Jan 16 2017
If you have a bike, then you should include a bike stand to your tool kit, even if all the mechanical work you do is to oil the chain. The stand doesn’t have to be large nor expensive. My first stand cost less than USD20 and can hide in a corner of the closet. It’s called the Nashbar Stand By Me. Here it is:
Stand By Me is built of tubular steel, with an asymmetrical X-shaped base, a vertical shaft perforated to allow a pair of hooks to be placed in such a way as to suit your bike’s geometry. This is a basic stand which can be used for bike storage, or—and this is how mine is used—for suspending the bike’s rear wheel off the ground far enough to allow the wheel to freely spin. This speeds up lubing the chain, adjusting brakes, or maintaining the drivetrain. (A Tip Brace the front wheel when using the Stand By Me, because if the front wheel rotates, the bike may become unstable and topple.) One thing to note is that some owners have had to bend the hooks, adjusting their shape to accommodate their bikes’ frames, but these have required no modification to fit my Surly Long Haul Trucker or Schwinn Sierra and Traveler.
When new, the hooks are covered with a textured rubber sleeve, and the Stand’s structural members are painted black. My 2008 model has had hard use, and while it’s still going strong, there is some rust, and the rubber sleeve on one hook cracked and fell away. The rust is my fault, caused by my failure to clean away salty slush while using the Stand to wash bikes after winter rides. A bit of elbow grease with Flitz along with some touch-up paint will take care of that, and the bare hook is now padded with a length of aquarium tubing. One last modification was made to cover bare metal hook ends with plastic caps recycled from eye-drop medicine bottles, to avoid gouging the bikes.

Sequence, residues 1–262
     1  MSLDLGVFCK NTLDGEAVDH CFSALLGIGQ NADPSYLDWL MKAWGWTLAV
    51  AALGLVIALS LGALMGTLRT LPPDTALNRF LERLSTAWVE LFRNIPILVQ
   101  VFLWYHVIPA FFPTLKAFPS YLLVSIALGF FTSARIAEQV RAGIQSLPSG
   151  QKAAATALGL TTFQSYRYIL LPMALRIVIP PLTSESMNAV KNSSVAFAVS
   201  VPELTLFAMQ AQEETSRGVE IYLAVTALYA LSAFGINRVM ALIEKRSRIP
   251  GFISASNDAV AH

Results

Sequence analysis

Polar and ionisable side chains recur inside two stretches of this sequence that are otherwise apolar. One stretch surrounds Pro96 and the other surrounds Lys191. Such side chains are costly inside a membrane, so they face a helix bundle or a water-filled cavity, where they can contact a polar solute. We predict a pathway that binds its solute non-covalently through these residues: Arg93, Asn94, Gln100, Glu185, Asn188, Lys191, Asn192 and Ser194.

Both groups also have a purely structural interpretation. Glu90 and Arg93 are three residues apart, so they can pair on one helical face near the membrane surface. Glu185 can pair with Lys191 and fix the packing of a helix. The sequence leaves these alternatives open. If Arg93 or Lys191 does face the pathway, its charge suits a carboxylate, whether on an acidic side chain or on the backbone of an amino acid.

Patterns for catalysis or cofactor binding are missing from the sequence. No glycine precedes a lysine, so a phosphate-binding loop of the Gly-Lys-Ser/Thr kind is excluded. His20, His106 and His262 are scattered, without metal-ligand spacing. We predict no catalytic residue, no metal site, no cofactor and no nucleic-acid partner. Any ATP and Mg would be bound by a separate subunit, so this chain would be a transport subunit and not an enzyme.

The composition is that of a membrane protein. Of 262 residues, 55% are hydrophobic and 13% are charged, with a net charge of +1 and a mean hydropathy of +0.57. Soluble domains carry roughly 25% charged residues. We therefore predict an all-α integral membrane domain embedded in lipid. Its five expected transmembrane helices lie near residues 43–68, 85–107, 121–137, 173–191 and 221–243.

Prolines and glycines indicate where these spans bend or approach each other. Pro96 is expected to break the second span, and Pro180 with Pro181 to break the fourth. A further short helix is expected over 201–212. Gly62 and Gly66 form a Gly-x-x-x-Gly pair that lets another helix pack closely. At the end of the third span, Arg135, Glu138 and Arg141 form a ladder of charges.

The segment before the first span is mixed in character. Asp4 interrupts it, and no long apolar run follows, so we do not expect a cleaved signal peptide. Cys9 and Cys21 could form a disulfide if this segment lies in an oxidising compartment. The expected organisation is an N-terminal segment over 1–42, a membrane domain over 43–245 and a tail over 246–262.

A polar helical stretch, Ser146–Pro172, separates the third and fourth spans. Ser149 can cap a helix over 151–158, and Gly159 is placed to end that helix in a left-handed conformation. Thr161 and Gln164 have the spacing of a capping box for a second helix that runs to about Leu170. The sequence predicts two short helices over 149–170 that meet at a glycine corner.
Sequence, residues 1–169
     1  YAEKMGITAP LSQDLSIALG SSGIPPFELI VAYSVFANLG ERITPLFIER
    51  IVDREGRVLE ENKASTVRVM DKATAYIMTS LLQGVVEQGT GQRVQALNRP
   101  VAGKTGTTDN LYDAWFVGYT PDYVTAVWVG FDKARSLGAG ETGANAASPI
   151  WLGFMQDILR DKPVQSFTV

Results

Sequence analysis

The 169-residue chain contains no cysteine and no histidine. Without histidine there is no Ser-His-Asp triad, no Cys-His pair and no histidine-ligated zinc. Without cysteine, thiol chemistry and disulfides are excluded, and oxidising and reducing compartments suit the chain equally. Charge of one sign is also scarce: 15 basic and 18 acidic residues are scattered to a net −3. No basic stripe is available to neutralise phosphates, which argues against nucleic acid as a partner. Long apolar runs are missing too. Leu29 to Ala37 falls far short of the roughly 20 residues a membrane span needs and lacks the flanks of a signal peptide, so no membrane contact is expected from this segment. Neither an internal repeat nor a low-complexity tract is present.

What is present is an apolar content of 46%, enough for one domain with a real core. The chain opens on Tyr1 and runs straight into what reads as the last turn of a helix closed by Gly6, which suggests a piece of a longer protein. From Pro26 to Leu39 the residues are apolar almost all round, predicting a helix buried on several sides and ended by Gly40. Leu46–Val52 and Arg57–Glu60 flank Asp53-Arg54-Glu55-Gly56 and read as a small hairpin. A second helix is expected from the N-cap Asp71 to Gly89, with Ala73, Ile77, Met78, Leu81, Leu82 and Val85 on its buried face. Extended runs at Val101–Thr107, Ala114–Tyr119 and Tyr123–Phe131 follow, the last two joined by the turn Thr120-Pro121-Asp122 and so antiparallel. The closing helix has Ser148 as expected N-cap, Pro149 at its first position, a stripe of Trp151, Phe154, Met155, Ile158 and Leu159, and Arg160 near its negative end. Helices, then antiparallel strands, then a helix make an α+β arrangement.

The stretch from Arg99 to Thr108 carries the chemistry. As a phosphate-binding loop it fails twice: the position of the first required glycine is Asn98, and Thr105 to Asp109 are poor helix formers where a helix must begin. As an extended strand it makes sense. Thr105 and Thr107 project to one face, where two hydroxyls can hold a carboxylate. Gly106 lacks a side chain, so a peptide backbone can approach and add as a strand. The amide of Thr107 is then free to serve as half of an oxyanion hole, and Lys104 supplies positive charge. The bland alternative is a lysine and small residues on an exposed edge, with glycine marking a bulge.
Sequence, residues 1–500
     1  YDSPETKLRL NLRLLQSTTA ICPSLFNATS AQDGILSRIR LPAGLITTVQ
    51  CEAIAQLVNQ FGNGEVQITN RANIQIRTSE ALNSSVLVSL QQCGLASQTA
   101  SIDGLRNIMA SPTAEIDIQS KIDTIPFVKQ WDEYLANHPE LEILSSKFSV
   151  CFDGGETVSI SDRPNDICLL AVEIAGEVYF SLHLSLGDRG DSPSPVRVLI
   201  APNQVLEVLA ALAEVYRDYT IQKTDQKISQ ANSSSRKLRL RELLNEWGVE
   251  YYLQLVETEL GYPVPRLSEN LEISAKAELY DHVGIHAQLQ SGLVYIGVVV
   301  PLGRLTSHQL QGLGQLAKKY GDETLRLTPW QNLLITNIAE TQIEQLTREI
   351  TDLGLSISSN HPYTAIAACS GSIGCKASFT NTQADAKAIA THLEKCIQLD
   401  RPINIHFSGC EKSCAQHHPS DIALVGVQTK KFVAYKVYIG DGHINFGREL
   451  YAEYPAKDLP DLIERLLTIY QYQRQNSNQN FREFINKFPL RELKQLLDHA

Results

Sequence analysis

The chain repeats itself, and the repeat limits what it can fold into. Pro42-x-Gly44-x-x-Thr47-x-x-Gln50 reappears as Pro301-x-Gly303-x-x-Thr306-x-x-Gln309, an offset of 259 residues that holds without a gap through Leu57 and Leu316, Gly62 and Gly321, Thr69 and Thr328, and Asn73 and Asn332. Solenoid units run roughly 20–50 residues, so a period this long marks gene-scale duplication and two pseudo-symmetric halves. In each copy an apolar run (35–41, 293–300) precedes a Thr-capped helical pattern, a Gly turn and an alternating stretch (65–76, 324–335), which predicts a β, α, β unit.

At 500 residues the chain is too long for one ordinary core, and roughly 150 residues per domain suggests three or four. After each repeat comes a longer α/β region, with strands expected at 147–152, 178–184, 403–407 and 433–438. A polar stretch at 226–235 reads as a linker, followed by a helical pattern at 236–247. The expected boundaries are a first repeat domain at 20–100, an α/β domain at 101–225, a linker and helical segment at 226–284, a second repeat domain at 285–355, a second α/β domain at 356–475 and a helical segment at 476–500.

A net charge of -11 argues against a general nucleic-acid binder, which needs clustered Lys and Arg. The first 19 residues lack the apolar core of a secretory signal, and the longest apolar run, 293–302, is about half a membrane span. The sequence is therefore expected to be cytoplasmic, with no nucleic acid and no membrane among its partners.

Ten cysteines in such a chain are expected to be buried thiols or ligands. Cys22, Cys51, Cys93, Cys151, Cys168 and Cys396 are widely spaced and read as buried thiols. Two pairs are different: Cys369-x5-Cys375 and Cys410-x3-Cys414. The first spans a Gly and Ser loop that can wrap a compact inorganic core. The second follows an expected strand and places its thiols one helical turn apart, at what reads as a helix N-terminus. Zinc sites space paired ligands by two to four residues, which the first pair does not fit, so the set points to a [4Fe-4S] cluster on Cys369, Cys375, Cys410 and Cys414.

In practice, the Stand By Me is handy to use, and once you decide on the hooks’ placement, it shouldn’t take long to position them on your bike frame’s off-side triangle. You will have to get down low to work on the drivetrain when using the Stand By Me, to be sure, but if you don’t have a home shop with a full-sized stand ready to receive a bike, it’s so much easier to retrieve this compact stand from storage than to set up shop with a full-sized stand. And if your knees complain when you kneel or if your back balks when bending over, sit on a step stool to bring you closer to your work.
The bottom line? While my Nashbar Stand By Me shows its age and is marked by blemishes, it’s still going strong after more than eight years’ use. It’s easy to store, easy to retrieve, and not too fussy to set up. Despite our owning three other stands—two of them full-sized shop stands—this is the one that gets chosen most often. I’d buy one again. And because Nashbar is stocking the Stand By Me once more, you can buy one, too.
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- “Maintaining, Modifying, Outfitting, Storing & Riding Your Bike” Index to more at TN Outside